June 17, 2008
Valdosta - If Mother Nature wanted to take a vacation and see the fruits of her creations, she'd look up Donald Brown.
She'd recognize his home immediately. His neighbors have green lawns and a few flowers, but Donald's yard looks much different. A big tree obscures most of his home, a tree where birds feel so at home they raise their families in its limbs.
"There's a balance here," says Donald Brown, a self-described preservationist.
Insects fly around and walk up and down a peach tree limb uninhibited.
"I see diversity," says Donald as he explains the type peach tree, with one small peach hanging on a limb, goes back about 150 years. "It's an old fashioned White English Peach."
The tree itself isn't 150 years old, but the variety is. Donald planted the tree six years ago in his yard.
Two ordinary looking azalea plants grow the winding walkway. Instead of their blooms marking spring, Donald's traditional ones put on a show during the summer.
Donald's yard brings him a sense of peace. "There's something psychological about it, like part of our past. We were so in touch with what we are now separated from," says Donald.
He owns a treasure chest, a freezer full of envelopes with seeds, really old seeds going back literally centuries.
"Everything in here is edible," says Donald.
He calls them heirloom seeds from plants Mother Nature slowly improved over decades, not created quickly in a laboratory for mass marketing.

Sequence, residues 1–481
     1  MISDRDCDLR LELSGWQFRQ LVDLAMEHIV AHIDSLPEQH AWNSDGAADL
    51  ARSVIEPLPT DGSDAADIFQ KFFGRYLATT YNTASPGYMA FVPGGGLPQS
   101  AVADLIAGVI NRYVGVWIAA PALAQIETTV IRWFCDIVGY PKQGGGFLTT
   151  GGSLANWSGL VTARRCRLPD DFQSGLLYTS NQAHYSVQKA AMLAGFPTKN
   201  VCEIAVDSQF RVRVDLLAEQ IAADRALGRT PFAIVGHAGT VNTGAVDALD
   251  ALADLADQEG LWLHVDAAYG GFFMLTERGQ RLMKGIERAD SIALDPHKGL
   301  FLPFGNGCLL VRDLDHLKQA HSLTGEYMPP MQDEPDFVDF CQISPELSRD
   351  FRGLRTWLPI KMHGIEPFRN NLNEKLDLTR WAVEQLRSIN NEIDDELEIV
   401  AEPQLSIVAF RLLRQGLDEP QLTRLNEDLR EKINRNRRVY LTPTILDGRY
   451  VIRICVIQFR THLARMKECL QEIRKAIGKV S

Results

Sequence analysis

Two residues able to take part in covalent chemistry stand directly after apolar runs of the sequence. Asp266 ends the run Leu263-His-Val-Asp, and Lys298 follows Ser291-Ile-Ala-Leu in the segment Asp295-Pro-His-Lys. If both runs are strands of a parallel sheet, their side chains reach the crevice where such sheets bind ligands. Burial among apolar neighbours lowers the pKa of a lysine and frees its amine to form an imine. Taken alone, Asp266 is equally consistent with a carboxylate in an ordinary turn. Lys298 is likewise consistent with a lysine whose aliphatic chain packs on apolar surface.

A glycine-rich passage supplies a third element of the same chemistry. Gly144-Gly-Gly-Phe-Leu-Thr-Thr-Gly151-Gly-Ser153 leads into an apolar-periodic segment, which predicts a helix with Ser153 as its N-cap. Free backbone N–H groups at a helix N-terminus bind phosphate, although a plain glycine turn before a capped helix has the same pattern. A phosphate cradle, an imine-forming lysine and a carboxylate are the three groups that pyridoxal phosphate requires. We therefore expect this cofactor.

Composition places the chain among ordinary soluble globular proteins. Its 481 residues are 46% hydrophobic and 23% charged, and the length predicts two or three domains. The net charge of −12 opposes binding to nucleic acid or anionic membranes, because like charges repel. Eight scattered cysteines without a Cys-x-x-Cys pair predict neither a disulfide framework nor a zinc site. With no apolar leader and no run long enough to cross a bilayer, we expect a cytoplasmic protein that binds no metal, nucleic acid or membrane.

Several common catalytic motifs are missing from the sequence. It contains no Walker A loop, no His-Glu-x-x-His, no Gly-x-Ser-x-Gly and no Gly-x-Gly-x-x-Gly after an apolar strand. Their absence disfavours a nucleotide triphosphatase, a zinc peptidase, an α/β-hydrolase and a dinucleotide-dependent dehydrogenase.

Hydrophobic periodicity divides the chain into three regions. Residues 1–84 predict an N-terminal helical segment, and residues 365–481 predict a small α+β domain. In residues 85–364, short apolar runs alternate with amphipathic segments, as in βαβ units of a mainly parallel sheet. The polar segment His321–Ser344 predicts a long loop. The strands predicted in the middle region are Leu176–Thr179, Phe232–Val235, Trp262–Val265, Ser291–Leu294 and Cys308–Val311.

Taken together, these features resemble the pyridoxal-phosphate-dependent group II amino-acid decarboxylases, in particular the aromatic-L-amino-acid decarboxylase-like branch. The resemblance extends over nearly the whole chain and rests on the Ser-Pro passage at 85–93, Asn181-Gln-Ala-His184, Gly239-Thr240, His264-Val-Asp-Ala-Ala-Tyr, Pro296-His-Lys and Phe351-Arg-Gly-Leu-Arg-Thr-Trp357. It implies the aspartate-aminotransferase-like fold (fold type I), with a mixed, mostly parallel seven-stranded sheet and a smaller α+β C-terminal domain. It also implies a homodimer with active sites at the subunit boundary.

"Heirloom seeds have been through the test of time," says Donald.
With time, the plants adjusted to all sorts of environmental changes. "Lot of this stuff would handle the drought better than a lot of our modern varieties now," says Donald.
If Mother Nature wanted to stay the night, she'll have to move bags and bags of those heirloom seeds. Donald trades and sells them with people throughout the country. Dozens of letters sit in a dresser drawer waiting on him to respond.
"Those are letters from people who want to come and visit and want to talk about seeds," says Donald.
They will find him extremely knowledgeable.
In a corner, near the dresser, sits a small, healthy plant with light green leaves that looks out of place with the brown shipping bags.
"It's a rare American Chestnut. The variety almost went extinct in 1950 and I collected the seed and grew it," says Donald with pride.
A tape dispenser, markers and envelopes sit close to the tree, on the bedroom floor, as Donald opens a brown paper bag and pulls out a clear bag with seeds inside.
"They're Blue Mitchell corn seeds," says Donald. "The corn grew in Mitchell County about 300 years ago."
Donald sees more than seeds in a plastic bag.
"These saved seeds brought a lot of people through hard times," says Donald as he poured the Blue Mitchells from the big bag into a smaller one, writes a note to identify the seeds and puts it in a shipping bag.
He'll make numerous trips from one bedroom to another, knowing exactly where each bag of seed sits and telling the history of each seed type as if reading from a book. To him the old seeds represent the good old days where tough times created tough seeds naturally.
Contact Donald here...